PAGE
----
Last week, Caelie Haines took her 14-year-old daughter to Six Flags Theme Park near Washington, D.C. The roller coasters made the teen ecstatic, but it wasn't just the thrill of the speed. It was the fact that her mother could finally ride with her.
"The last time we were there, I couldn't fit on the rides," Haines says. Their previous trip took place before her August 2006 weight-loss surgery, when she weighed 316 pounds.
Since the procedure, the 38-year-old has shed nearly 150 pounds. As she had hoped, her high blood pressure, sleep apnea and borderline diabetes went away. But she had never imagined that the surgery might protect her from the disease that has affected her mother -- cancer.
Bariatric surgery for weight loss may reduce a person's risk of developing cancer by about 80 percent, according to a study presented today at the annual meeting of the American Society for Metabolic and Bariatric Surgery. Severely obese people who underwent surgery had an 85 percent drop in breast cancer and a 70 percent decrease in colon cancer compared with people who didn't have surgery.
Researchers at McGill University in Montreal looked at nearly 6,800 severely obese people -- some who elected to undergo surgery and others who didn't. Their body mass index (BMI), an indicator of body fat based on height and weight, fell into one of two categories: above 40, or above 35 if they had another weight-related condition, including high blood pressure, type-2 diabetes or sleep apnea. A BMI between 18.5 and 24.9 is considered normal.
During the past few years, published studies from the United States and Sweden have also shown that bariatric surgery may lower cancer risks. The current research extends this by looking at individual cancers.
These findings add to the list of ways that bariatric surgery may improve overall health. It also helps lessen diabetes, high blood pressure, sleep apnea, arthritis and infertility.
"No other operation has ever done so much to help so many," says Dr. Daniel Jones, chief of the section of minimally invasive surgery at Beth Israel Deaconess Medical Center in Boston.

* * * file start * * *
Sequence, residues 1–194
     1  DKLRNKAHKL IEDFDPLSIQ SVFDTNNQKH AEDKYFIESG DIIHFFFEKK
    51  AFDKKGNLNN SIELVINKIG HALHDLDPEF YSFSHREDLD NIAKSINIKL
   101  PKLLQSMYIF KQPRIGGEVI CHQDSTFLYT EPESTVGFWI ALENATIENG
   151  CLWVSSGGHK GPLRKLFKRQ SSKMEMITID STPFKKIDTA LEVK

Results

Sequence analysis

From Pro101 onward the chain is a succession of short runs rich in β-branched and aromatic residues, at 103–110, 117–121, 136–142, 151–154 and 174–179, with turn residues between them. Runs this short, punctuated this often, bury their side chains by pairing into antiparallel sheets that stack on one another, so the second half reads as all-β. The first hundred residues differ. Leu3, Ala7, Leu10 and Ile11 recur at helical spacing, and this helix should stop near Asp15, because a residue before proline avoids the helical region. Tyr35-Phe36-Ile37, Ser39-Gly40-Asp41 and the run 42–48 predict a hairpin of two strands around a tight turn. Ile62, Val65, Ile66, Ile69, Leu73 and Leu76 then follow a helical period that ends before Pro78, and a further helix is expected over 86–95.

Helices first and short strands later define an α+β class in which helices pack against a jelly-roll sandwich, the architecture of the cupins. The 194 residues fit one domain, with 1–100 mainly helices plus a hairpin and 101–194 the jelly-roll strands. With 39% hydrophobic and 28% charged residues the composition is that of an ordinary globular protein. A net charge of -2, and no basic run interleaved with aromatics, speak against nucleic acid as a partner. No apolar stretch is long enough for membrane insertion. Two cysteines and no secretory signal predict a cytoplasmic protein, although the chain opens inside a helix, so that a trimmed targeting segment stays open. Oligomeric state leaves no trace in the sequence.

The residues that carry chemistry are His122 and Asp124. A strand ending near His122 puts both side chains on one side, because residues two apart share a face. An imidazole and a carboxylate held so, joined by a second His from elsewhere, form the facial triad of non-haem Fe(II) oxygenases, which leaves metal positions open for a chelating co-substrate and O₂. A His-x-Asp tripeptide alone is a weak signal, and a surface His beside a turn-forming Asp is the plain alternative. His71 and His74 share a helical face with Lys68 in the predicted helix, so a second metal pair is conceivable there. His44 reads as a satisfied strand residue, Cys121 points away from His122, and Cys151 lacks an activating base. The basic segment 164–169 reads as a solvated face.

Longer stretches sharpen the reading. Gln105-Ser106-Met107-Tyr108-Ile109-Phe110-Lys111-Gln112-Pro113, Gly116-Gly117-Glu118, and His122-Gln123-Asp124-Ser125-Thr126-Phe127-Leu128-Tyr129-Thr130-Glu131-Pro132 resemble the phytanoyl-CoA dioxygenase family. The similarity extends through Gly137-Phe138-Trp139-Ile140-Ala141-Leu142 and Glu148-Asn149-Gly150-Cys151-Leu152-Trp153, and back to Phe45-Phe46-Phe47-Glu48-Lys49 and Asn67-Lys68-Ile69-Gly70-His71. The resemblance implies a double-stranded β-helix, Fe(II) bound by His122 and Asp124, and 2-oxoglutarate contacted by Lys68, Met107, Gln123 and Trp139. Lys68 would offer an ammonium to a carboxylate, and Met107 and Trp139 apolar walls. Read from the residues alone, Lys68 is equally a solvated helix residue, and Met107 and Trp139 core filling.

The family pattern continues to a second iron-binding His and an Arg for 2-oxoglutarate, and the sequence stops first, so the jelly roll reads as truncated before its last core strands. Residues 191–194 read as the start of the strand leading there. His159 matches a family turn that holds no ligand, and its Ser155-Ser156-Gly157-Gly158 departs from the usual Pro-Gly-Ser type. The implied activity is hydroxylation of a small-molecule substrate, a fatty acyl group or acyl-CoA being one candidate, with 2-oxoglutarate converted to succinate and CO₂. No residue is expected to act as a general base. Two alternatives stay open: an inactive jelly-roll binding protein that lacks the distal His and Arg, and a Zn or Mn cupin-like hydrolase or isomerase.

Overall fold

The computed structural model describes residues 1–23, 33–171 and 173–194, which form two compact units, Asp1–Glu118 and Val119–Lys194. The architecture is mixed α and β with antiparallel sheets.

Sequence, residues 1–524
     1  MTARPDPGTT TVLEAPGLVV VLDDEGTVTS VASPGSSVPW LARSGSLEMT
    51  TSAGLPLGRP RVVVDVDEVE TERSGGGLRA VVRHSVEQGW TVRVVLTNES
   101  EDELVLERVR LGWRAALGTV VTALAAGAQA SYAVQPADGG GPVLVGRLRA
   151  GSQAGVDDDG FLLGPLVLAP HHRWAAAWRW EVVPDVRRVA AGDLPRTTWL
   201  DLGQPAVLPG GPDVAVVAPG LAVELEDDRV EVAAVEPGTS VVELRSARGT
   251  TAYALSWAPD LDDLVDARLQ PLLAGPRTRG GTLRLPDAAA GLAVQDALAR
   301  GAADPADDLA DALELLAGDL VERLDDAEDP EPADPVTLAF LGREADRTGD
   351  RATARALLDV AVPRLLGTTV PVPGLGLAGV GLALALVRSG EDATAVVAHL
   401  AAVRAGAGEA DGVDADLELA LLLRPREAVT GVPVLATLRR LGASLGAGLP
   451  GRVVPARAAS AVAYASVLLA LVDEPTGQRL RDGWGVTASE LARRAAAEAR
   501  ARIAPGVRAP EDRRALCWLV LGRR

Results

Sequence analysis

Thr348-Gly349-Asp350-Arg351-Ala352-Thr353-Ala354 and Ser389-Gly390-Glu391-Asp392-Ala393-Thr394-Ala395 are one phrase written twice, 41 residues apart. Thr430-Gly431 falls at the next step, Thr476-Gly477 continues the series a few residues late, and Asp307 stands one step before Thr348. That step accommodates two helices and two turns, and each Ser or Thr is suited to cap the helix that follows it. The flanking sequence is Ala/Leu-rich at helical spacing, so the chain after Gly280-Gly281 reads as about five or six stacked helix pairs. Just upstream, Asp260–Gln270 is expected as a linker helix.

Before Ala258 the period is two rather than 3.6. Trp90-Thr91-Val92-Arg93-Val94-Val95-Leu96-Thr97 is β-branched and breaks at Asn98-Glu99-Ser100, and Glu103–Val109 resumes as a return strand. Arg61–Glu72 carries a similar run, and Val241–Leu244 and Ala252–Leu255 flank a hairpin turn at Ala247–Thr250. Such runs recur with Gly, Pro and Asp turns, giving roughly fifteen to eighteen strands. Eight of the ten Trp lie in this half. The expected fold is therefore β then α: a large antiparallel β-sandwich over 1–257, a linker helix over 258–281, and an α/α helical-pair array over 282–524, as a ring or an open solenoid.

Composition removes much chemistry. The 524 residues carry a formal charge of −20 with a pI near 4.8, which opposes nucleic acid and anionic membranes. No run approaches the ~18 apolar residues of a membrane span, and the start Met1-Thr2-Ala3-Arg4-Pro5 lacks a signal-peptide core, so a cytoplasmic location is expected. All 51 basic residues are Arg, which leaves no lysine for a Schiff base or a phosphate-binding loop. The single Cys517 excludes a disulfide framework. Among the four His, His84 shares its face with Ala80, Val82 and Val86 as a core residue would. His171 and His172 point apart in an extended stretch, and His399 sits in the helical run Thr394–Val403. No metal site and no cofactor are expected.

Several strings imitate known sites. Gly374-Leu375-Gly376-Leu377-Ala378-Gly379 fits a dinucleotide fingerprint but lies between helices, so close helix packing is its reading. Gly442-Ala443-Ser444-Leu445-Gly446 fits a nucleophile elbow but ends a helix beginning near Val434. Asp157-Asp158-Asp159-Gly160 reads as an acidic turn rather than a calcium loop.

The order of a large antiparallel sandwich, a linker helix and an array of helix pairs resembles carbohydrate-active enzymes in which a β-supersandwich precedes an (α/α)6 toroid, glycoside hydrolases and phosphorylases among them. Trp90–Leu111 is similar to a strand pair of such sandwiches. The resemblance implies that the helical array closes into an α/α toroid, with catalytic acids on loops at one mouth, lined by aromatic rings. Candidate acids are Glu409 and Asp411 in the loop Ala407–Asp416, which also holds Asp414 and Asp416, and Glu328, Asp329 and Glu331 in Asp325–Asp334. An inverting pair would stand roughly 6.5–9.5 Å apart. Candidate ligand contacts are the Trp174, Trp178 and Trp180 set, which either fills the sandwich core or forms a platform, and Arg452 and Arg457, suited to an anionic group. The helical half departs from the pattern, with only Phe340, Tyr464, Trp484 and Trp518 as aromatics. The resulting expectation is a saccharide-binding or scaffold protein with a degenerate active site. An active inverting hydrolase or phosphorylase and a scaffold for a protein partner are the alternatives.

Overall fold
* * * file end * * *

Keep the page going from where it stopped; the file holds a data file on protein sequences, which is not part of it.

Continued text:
Today, 64 million Americans are considered obese, and the American Cancer Society lists obesity among the major risk factors for cancer.
Though the decision to have major surgery should not be taken lightly, the benefits may outweigh the risks for many.
"People need to know that in addition to the other known benefits of weight loss surgery... they may protect themselves from cancer," says lead study author Dr. Nicolas Christou, director of bariatric surgery at McGill University.
Haines' 61-year-old mother has battled both bladder and cervical cancer, so Haines says she's thankful that the surgery may lower her chance of suffering from the same disease.
"To know that it's helped even in ways I wasn't aware of, it's wonderful," she says.
Weight-loss surgery began in the 1960s, but it was considered a "taboo" among doctors even into the 1990s, Jones says.
This attitude was shaped by the high rates of complications and death from the surgery. In addition, many members of the medical community and the general public believed, as some still do, that obesity is related to a person's lack of willpower and can be fixed simply by diet and exercise.
"People think it's an easy way out," Haines says about the choice to have surgery. "It's not."